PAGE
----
News from the Land of Freedom: German Immigrants Write Home

Walter D. Kamphoefner, Editor, Ulrike Sommer, Editor, Wolgang Helbich, Editor Cornell University Press $45 (645p) ISBN 978-0-8014-2523-3
Kamphoefner, who teaches history at Texas A & M, and Helbich and Sommer, a historian and a researcher, respectively, in Germany, assemble here letters written home by German immigrants to the U.S. between the 1830s and 1930s. The entries remind us that hard work and early death especially taxed the first arrivals: in one family only four of 11 children survived infancy, and there are frequent references to the deaths of women in their 30s and 40s. We also read tales of the more adventuresome who left the cities for Mexico or the California gold fields and of those who fought in the Civil War. An amusing sidelight is the introduction of young men to the shotgun wedding, evidently not a practice in the Old Country. There are also accounts of the anti-German feelings provoked by WW I and the virtual banning of German-language study in the schools. General readers would do well to skip over the first 60 pages devoted to the editors' and translator's difficulties, but the letters themselves will be of great interest to those descended from immigrants of any nationality. Illustrations not seen by PW. (Dec.)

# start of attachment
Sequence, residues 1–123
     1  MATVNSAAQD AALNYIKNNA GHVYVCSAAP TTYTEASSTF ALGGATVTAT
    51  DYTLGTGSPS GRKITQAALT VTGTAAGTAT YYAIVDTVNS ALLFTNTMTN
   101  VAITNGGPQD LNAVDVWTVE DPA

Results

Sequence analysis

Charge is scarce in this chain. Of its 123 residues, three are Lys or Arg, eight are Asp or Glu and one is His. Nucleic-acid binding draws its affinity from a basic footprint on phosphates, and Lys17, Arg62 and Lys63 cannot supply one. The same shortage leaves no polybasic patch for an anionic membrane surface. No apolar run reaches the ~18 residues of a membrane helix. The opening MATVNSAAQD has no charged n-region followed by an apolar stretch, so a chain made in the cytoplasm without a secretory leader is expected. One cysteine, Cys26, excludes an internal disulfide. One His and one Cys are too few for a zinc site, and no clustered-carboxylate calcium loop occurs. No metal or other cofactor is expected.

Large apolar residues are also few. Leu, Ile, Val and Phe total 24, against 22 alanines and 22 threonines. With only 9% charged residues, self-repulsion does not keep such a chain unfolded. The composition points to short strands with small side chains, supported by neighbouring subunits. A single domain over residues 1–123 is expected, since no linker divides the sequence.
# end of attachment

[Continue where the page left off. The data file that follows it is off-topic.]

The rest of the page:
Reviewed on: 04/01/1991
Release date: 04/01/1991
Genre: Nonfiction
Paperback - 656 pages - 978-0-8014-8120-8
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